Murdoch family facing probe into alleged hacking cover-up
THE Murdoch family was last night facing a fresh series of highly damaging allegations over its handling of the phone-hacking scandal.
A senior Scotland Yard officer claimed that News International executives -- including Rupert Murdoch's son James -- are being investigated for any alleged role in covering up the extent of "industrial scale" hacking, according to the Sunday Telegraph in London.
Metropolitan police officers want to know why a series of emails, dating back to 2006, were only made available to detectives in January.
Those emails prompted the current inquiry and have led, in the past two weeks, to the closure of the News of the World, the resignations of executives Rebekah Brooks and Les Hinton, the arrest of Andy Coulson and the scrapping of News Corporation's BSkyB takeover attempt.
News International confirmed last night that a series of emails had been read by senior executives -- a source declined to say who -- before being sent in 2007 to an outside law firm where they remained for four years before being handed to police.
In a series of further developments, it has emerged:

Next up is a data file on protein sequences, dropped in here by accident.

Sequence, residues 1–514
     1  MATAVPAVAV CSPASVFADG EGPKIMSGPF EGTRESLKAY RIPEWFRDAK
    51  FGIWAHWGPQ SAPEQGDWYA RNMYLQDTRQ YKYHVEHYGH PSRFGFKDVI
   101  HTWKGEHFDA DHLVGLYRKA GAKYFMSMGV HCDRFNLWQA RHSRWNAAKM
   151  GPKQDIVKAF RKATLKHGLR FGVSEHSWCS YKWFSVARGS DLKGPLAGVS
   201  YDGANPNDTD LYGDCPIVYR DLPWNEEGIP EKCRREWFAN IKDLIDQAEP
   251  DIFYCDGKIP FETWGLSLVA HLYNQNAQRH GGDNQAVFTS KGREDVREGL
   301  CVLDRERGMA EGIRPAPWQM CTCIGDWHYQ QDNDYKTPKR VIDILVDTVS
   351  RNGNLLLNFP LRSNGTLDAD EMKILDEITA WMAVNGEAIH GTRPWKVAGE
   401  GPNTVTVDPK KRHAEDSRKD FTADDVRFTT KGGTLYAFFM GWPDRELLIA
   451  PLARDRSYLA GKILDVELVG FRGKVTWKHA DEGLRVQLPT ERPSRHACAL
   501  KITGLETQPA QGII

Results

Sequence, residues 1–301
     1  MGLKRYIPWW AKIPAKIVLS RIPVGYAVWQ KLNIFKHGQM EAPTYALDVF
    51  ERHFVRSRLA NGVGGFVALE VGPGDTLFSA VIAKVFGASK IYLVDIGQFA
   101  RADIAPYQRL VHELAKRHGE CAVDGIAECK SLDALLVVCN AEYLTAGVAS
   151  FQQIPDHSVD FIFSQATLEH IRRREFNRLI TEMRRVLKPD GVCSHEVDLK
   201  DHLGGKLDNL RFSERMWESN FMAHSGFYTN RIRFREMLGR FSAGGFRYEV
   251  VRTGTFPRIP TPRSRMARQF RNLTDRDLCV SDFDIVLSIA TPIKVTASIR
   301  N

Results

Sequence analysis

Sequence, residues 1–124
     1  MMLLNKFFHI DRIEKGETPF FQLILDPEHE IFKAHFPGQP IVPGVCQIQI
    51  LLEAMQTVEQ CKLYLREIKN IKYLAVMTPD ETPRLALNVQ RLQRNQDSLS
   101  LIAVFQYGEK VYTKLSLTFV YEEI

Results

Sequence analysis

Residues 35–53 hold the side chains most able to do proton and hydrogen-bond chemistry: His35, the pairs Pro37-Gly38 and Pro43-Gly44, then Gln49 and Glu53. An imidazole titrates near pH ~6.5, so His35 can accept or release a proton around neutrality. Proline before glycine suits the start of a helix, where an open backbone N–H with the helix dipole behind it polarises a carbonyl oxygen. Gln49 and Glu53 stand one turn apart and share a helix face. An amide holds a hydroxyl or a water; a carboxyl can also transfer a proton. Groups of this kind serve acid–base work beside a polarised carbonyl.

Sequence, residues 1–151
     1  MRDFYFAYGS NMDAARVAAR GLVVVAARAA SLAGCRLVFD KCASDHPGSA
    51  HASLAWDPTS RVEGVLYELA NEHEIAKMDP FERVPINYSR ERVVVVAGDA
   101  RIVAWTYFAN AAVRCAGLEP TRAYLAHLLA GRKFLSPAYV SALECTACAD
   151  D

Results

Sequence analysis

• James Murdoch's position as chairman of BSkyB is under review after the board agreed a special session to discuss his future.
• Leading shareholders are calling on News Corp to sell its UK newspapers because of fears the scandal will spread to America.
• Rupert Murdoch's bid to purchase Formula One could be derailed by the hacking scandal, according to Bernie Ecclestone, the F1 supremo.
• Lawyers acting for David Beckham have contacted police in the growing belief that the footballer and his wife Victoria were targeted by Glenn Mulcaire, a private investigator who worked for News of the World.
• Paul McCartney's aides said they were also hacked at the time of the former Beatle's split from Heather Mills.
• The actor Jude Law was allegedly hacked by the News of the World while visiting the US, opening the way for prosecutions in America where News Corp has most to lose.
In a further twist, The New York Times also reported that the former deputy editor of the News of the World, Neil Wallis, was reporting back to News International while he was working for the police on the hacking case.
The Murdochs and Ms Brooks are to give evidence to the culture, media and sport select committee on Tuesday over their role in the scandal and to explain why News International had previously told the UK committee that the hacking was the action of one "rogue reporter".
On the same day, Paul Stephenson, the metropolitan police commissioner, will be grilled by the home affairs select committee on the police's failure to fully investigate the hacking in 2005 and 2006 and again in 2009.
He will also be asked why he employed Mr Wallis -- who was arrested by police last week -- as a media adviser.